Cultural appropriation is the adoption or use of the elements of one culture by members of another culture. Cultural appropriation, often framed as cultural misappropriation, is sometimes portrayed as harmful and is claimed to be a violation of the collective intellectual property rights of the originating culture. Often unavoidable when multiple cultures come together, cultural appropriation can include using other cultures' traditions, food, fashion, symbols, technology, language, and cultural songs without permission. According to critics of the practice, cultural (mis)appropriation differs from acculturation, assimilation, or cultural exchange in that the "appropriation" or "misappropriation" refers to the adoption of these cultural elements in a colonial manner: elements are copied from a minority culture by members of a dominant culture, and these elements are used outside of their original cultural context—sometimes even against the expressly stated wishes of representatives of the originating culture.

Often, the original meaning of these cultural elements is lost or distorted, and such displays are often viewed as disrespectful by members of the originating culture, or even as a form of desecration. Cultural elements which may have deep meaning to the original culture may be reduced to "exotic" fashion or toys by those from the dominant culture. Kjerstin Johnson has written that, when this is done, the imitator, "who does not experience that oppression is able to 'play', temporarily, an 'exotic' other, without experiencing any of the daily discriminations faced by other cultures." The African-American academic, musician and journalist Greg Tate argues that appropriation and the "fetishizing" of cultures, in fact, alienates those whose culture is being appropriated. On the other hand, some scholars argue that the concept is misunderstood by the general public. Cultural appropriation is often misapplied to situations that don't accurately fit.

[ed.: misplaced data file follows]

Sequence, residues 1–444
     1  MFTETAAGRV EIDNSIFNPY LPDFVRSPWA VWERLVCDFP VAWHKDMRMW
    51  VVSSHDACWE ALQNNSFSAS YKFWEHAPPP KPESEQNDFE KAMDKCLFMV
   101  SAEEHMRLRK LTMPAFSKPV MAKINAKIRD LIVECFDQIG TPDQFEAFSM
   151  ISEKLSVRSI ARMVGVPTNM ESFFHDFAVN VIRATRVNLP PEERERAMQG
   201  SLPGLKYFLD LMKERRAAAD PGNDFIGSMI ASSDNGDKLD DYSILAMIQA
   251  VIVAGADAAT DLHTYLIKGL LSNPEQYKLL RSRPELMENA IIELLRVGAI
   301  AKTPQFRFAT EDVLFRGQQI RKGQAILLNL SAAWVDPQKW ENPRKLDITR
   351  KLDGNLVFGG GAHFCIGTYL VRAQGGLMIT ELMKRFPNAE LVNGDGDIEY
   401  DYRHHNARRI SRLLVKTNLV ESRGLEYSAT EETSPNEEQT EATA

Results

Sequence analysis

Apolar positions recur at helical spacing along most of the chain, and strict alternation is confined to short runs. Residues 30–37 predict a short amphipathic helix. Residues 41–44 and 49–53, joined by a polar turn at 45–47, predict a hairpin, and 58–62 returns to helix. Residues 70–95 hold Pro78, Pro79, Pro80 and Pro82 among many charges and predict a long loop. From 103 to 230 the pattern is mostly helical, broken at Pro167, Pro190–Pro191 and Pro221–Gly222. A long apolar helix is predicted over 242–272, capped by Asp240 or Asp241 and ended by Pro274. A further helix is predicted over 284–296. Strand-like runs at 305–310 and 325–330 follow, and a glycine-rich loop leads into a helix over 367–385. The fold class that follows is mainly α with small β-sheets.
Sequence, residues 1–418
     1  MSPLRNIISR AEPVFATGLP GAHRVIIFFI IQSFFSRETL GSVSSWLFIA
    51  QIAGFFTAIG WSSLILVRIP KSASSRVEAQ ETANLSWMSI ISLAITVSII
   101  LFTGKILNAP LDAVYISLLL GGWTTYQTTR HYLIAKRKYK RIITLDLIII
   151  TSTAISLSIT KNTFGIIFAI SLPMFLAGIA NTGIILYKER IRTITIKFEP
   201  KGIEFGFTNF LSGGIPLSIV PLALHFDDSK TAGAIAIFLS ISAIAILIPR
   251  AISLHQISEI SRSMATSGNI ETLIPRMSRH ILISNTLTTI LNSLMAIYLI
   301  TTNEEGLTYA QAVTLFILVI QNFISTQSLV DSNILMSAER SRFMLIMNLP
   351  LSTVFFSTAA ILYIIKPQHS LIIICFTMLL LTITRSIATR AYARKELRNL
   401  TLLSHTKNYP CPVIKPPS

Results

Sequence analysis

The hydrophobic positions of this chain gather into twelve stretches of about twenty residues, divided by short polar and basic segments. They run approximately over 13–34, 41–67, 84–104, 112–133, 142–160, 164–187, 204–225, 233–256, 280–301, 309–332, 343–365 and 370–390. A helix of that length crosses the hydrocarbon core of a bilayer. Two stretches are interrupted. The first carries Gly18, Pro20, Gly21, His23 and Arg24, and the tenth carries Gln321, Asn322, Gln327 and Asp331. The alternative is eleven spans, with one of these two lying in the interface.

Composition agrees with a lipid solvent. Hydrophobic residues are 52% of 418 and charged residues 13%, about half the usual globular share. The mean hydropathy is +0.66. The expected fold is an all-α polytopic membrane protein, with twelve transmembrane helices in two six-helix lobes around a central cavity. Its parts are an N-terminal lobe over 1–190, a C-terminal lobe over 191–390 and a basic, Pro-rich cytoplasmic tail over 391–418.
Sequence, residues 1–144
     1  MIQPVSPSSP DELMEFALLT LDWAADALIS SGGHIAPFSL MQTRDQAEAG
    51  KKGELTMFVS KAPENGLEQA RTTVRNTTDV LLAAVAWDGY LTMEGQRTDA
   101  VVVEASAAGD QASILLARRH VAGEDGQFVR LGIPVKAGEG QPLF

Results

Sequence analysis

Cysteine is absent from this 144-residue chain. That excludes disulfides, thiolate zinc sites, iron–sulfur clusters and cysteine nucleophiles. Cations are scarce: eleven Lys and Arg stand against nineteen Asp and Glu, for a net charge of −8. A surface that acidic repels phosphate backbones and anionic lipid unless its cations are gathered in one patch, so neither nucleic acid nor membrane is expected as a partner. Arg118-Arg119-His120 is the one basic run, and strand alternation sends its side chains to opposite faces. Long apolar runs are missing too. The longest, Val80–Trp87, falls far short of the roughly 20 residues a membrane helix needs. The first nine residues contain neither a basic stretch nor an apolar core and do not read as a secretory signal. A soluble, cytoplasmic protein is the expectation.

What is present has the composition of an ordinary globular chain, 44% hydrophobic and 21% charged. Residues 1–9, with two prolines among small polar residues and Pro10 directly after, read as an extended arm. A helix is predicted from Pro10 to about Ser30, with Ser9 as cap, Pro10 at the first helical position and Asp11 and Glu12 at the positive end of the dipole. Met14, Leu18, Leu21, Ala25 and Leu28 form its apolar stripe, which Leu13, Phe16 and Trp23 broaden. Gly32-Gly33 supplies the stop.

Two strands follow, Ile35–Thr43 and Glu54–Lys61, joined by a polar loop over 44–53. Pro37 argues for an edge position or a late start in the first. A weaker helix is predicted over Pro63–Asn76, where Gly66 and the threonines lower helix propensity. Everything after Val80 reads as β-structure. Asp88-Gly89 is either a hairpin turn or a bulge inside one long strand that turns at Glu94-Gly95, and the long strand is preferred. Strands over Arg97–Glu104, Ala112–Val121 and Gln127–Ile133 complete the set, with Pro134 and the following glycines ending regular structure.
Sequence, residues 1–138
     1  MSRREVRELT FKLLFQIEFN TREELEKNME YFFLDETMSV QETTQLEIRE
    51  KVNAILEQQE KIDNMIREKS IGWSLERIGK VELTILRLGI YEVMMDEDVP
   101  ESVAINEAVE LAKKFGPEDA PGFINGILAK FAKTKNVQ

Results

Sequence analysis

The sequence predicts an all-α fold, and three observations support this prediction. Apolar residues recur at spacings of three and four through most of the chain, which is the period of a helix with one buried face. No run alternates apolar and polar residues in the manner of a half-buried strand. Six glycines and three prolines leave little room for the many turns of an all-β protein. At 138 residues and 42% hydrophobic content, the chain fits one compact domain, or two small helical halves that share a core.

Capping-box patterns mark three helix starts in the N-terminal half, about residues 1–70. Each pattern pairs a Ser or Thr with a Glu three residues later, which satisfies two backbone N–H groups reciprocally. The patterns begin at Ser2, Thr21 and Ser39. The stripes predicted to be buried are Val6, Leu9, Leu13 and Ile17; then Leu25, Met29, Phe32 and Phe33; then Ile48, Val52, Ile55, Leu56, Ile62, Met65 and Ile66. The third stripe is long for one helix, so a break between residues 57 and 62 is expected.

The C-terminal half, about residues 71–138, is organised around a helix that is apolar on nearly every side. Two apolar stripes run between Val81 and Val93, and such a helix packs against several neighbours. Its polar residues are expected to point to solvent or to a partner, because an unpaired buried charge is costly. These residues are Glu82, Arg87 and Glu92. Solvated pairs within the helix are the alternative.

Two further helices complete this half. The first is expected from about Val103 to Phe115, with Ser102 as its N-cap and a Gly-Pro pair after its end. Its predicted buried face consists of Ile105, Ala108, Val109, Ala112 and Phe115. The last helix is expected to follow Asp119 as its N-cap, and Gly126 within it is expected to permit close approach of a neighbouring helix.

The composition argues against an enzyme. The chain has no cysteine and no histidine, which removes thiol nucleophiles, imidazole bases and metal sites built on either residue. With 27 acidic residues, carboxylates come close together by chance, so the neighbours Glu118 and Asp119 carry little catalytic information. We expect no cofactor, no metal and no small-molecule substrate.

Conversely, cultural appropriation or borrowing can be viewed as inevitable and a contribution to diversity and free expression. This view distinguishes outright theft of cultural artifacts or exotic stereotyping from more benign borrowing or appreciation. Cultural borrowing and cross-fertilization is seen by proponents as a generally positive thing, and as something which is usually done out of admiration of the cultures being imitated, with no intent to harm them.

Trans-cultural diffusion has occurred throughout history and is subject of study by a variety of academic disciplines, including folkloristics, cultural anthropology and cultural geography. For instance, most of the world have adopted the Hindu-Arabic numerals as the common, standard form of describing numbers, which can be interpreted as a form of cultural appropriation. Opposition to cultural appropriation is seen as controversial as it may clash with the right to participate in culture.

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Troilus

Troilus (English: /ˈtrɔɪləsor /ˈtrələs/; Ancient Greek: Τρωΐλος Troïlos; Latin: Troilus) is a legendary character associated with the story of the Trojan War. The first surviving reference to him is in Homer's Iliad, which scholars believe was composed by bards and sung in the late 9th or 8th century BC.

In Greek mythology, Troilus is a young Trojan prince, one of the sons of King Priam (or Apollo) and Hecuba. Prophecies link Troilus' fate to that of Troy and so he is ambushed and murdered by Achilles. Sophocles was one of the writers to tell this tale. It was also a popular theme among artists of the time. Ancient writers treated Troilus as the epitome of a dead child mourned by his parents. He was also regarded as a paragon of youthful male beauty.